Lawmakers to take oath for coming 2-year legislative session

HARRISBURG, Pa. (AP) — State lawmakers are convening in the Pennsylvania Capitol on New Year's Day to take the oath of office under a state constitutional mandate they meet on the first Tuesday of the year.

Forty-two House members and seven senators are expected to be sworn in for the first time after winning elections in November.

Both chambers will have smaller but still substantial Republican majorities in the coming session, 110 to 93 in the House and 29 to 21 in the Senate.

There are two vacancies among the 93 House Democratic seats, and a Republican senator is expected to step down and be sworn in to Congress later this week.

The 43rd House freshman, Rep.-elect Liz Hanbidge, D-Montgomery, will likely be sworn in later this month, after she returns from her honeymoon.

The biggest change in leadership is in the House, where Rep. Bryan Cutler will take over as majority leader, replacing Rep. Dave Reed, R-Indiana, who did not seek re-election to the Legislature.

Allegheny County Republican Rep. Mike Turzai is expected to retain the gavel as speaker, and Republican Sen. Joe Scarnati of Jefferson County as his chamber's president pro tempore.

The Senate will have a new presiding officer once Braddock Mayor John Fetterman becomes lieutenant governor later this month.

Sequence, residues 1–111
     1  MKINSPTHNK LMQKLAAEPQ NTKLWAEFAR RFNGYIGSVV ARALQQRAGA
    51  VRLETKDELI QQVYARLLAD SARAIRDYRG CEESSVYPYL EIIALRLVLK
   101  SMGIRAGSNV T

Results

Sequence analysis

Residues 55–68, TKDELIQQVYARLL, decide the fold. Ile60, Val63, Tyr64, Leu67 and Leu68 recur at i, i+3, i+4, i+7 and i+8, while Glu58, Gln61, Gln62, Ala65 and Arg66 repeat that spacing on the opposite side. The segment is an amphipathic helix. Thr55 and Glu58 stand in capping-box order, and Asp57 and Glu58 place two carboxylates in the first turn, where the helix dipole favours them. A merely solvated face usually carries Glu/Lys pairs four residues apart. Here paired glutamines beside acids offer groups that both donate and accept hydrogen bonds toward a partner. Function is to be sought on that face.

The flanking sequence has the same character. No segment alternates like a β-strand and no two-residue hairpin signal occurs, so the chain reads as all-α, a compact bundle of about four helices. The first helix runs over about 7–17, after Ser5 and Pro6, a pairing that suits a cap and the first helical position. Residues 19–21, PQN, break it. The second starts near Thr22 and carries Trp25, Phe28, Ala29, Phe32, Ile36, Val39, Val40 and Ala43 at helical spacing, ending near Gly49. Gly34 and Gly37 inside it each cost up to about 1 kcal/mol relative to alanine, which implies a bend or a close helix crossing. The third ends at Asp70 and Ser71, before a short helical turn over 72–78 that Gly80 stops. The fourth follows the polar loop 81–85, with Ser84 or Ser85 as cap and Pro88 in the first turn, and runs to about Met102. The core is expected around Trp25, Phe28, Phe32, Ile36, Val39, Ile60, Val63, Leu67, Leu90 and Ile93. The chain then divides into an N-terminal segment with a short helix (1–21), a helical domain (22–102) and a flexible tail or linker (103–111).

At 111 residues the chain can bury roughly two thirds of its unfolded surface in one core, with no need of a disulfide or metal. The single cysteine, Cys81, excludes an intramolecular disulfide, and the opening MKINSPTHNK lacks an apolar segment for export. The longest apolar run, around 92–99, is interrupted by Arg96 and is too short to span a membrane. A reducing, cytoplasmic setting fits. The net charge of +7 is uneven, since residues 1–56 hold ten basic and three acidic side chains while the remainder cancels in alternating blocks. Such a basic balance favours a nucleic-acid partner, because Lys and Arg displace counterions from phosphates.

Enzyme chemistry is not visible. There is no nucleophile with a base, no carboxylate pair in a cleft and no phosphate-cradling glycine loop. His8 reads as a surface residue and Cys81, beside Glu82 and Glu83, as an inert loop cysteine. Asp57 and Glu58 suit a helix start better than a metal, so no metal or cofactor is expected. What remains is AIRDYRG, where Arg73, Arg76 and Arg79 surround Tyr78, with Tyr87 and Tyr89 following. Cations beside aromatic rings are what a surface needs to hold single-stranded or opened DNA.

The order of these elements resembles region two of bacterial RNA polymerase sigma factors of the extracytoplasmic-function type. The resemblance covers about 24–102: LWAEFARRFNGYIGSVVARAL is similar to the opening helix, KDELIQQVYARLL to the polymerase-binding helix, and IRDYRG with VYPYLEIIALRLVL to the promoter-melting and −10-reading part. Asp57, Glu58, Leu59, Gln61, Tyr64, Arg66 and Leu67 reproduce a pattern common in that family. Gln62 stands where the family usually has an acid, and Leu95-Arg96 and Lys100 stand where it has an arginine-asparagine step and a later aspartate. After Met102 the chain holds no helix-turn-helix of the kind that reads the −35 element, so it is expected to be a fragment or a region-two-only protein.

Fetterman beat incumbent Lt. Gov. Mike Stack in last year's Democratic primary and was elected along with Democratic Gov. Tom Wolf, who won a second term.

In the Senate, Scarnati ended weeks of uncertainty on Friday by announcing he supported the seating of Democrat Lindsey Williams in an Allegheny County district. Republicans had raised questions about whether Williams had lived in the state for four years to the day before being elected, a state constitutional requirement.

Williams' win was one of five Republican seats in the Senate that Democrats flipped in November, including four in the Philadelphia suburbs. The two new Republican senators are Judy Ward of Blair County and Kristin Phillips-Hill of York County, both filling vacancies created when an incumbent sought higher office.

Sen. Guy Reschenthaler, R-Allegheny, is scheduled to be sworn in to Congress on Thursday. A message left at his Capitol office Tuesday, seeking an update on his status, was not immediately returned.

There are two vacancies in the House. Rep. Vanessa Lowery Brown, D-Philadelphia, resigned after being sentenced to probation in November for a bribery conviction, and Rep. Sid Michaels Kavulich, D-Lackawanna, died in office in October.

The first major item of legislative business will occur Feb. 5, when Wolf gives the governor's annual budget address.

Lawmakers may also again consider legislation, spiked last fall by Senate Republicans, to provide a "window" for civil lawsuits over claims of child sexual abuse that would otherwise be too old to pursue.

Among those not returning to the Legislature due to retirement are Rep. Mike Hanna, D-Clinton, who had been his party's whip; Sen. Stewart Greenleaf, R-Montgomery, a major figure for decades in legal issues in the Capitol; and Rep. Bob Godshall, R-Montgomery, who spent 36 years in the chamber.